#FreeZakzaky: Protesters demand release of dying Muslim leader in Nigeria

#FreeZakzaky: Protesters demand release of dying Muslim leader in Nigeria
Concerns have been raised surrounding the fate of a prominent Muslim cleric and leader of the Islamic Movement in Nigeria who has been unlawfully detained since 2015.
4 min read
20 July, 2019
Protests urging his release are taking place around the world [Getty]
Hundreds of demonstrators are protesting across major cities around the world urging the immediate release of a prominent Shia Muslim leader in Nigeria who is "dying in prison" amid deteriorating health conditions.

Sit-ins are taking place outside Nigerian embassies and consulates in London, Istanbul, Washington DC, and New York, where protesters are calling on authorities to release the spiritual leader and head of the Islamic Movement of Nigeria (IMN), Sheikh Ibrahim Zakzaky.

His wife was also detained in December 2015 following a raid of Zakzaky's home, which led to the killing of thousands of his followers during subsequent protests.

Earlier this week, a Nigerian court adjourned a special hearing to grant medical access to Zakzaky, in a move that has been condemned by rights activists.

"By repeatedly adjourning the hearing, the authorities are purposely delaying Zakzaky from receiving any medical attention despite being aware that his health has dangerously deteriorated," Afreen Rizvi, an activist with the #FreeZakzaky movement told The New Arab.

"In the coming days, the world may witness a silent assassination of a peaceful cleric," Rizvi added.

Calls for concern increased after two reports were issued by the London-based Islamic Human Rights Commission (IHRC) following a visit in April 2016 detailing Zakzaky's health conditions and confirming the need for urgent specialist treatment which could only be fully accessed abroad.

IHRC revealed "worrying" levels of Cadmium were found in the urine samples taken from Zakzaky.

Nigeria, Africa's largest economy, is almost evenly split between a mostly Muslim north - which is predominantly Sunni - and a largely Christian south.

The December 2015 clashes that led to Zakzaky's detention saw the army kill more than 300 of his supporters, who were buried in mass graves, according to human rights groups.

Zakzaky has been at loggerheads with Nigeria's secular authorities for years because of his calls for an Iranian-style Islamic revolution. Northern Nigeria is majority Sunni Muslim.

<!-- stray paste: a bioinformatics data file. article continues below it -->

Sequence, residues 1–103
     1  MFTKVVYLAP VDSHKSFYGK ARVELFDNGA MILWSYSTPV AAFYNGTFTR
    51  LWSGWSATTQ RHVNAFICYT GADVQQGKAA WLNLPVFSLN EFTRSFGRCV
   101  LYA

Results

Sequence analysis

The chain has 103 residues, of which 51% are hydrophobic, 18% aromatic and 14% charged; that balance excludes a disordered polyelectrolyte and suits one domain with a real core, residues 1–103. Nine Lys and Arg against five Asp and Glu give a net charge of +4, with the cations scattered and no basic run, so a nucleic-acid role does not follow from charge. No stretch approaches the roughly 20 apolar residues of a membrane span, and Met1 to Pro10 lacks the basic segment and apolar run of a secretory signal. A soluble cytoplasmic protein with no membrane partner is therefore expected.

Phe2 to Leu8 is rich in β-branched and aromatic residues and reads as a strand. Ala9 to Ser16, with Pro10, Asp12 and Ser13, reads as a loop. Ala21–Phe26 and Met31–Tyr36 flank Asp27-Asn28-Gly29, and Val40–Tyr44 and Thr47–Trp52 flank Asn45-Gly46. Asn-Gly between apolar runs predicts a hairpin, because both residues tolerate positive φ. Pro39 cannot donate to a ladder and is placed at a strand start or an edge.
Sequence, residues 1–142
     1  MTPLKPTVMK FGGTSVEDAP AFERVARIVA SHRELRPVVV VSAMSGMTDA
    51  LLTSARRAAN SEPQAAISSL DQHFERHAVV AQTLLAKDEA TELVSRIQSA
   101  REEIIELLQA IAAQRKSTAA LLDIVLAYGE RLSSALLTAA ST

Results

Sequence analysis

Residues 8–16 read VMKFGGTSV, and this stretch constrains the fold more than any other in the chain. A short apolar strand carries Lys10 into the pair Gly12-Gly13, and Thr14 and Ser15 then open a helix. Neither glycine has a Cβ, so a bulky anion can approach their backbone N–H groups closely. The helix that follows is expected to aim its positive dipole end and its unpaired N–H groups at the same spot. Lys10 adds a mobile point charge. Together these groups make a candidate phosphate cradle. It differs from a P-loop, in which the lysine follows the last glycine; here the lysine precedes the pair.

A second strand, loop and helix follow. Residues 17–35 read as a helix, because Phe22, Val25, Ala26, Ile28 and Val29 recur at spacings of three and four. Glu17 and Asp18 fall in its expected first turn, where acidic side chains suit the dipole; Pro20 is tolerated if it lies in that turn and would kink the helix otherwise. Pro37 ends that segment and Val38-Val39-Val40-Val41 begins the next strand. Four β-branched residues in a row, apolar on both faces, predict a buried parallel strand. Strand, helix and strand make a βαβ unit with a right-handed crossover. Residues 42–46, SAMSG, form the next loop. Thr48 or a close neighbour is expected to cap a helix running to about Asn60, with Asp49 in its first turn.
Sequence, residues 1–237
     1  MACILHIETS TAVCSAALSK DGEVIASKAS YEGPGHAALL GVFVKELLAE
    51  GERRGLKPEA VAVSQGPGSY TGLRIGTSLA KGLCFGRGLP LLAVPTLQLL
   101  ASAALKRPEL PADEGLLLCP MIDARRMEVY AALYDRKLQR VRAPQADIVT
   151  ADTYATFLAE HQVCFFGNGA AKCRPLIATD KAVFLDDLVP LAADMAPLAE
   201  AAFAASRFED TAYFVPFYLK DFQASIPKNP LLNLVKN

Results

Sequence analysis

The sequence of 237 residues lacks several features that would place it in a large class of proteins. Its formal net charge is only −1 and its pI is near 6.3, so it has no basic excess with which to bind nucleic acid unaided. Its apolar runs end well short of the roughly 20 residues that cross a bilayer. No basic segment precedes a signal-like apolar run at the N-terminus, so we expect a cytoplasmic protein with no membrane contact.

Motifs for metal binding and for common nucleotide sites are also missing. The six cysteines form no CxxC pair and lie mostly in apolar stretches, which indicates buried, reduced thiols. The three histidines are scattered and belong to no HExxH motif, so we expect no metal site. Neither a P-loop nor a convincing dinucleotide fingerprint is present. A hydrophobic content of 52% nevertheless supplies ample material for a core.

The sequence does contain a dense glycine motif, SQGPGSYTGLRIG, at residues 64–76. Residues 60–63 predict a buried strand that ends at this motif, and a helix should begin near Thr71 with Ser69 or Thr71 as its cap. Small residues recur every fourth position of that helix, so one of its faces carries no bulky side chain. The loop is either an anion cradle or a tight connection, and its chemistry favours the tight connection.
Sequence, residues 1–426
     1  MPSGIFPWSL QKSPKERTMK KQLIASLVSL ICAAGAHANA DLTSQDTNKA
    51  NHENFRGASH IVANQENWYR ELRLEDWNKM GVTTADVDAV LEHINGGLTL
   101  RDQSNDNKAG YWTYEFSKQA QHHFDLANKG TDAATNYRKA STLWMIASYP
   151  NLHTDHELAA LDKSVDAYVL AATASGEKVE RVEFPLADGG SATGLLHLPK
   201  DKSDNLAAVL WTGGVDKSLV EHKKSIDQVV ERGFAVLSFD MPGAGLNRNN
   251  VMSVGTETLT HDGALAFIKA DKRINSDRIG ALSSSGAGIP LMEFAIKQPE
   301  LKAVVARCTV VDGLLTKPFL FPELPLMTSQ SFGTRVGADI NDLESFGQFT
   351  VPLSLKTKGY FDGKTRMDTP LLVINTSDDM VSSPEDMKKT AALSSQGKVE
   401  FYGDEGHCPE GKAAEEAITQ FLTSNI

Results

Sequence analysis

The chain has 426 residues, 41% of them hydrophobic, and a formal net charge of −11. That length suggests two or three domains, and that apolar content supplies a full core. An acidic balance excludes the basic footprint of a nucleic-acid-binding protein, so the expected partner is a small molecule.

The cleric, who is in his mid-sixties and lost the sight in one eye during the 2015 clashes, has only been seen in public twice since he was detained.

Nigeria's government has previously ignored a court order to release Zakzaky and his wife.

A judge in Abuja on 2 December called the detention of Zakzaky and his followers "illegal and unconstitutional", and imposed a 45-day deadline for their release. Nigeria's government ignored the court order.

Amnesty Nigeria director, Makmid Kamara at the time said the government "will demonstrate a flagrant - and dangerous - contempt for the rule of law" if it ignored the ruling.

"Zakzaky is being unlawfully detained," he said in an emailed statement.

"This might be part of a wider effort to cover up the gruesome crimes committed by members of the security forces in Zaria in December 2015 that left hundreds dead."

Last year, Amnesty International accused Nigeria's security forces of killing dozens by using "horrific" force during another crackdown on protesting supporters of the imprisoned Shia cleric.

The rights organisation said it had "strong evidence" that police and soldiers used automatic weapons against members of IMN at marches in and around Abuja.

"We have seen a shocking and unconscionable use of deadly force by soldiers and police against IMN members," said Amnesty's Nigeria director, Osai Ojigho.

"Video footage and eyewitness testimonies consistently show that the Nigerian military dispersed peaceful gatherings by firing live ammunition without warning," she added.

"Those injured were shot in different parts of the body - head, neck, back, chest, shoulder, legs, arms - and some of them had multiple gunshot wounds."

Ojigho said the "horrific use of excessive force" was not crowd control but aimed to kill, calling for an independent probe and the prosecution of those responsible.

The Nigerian army triggered outrage after using a video of US President Donald Trump saying soldiers would shoot migrants throwing stones to justify their own deadly suppression of Shia protesters in Abuja.

The tweet was later taken down. The military says six people were killed when it fired live bullets at the protesters but human rights groups and the IMN say more than 45 died.

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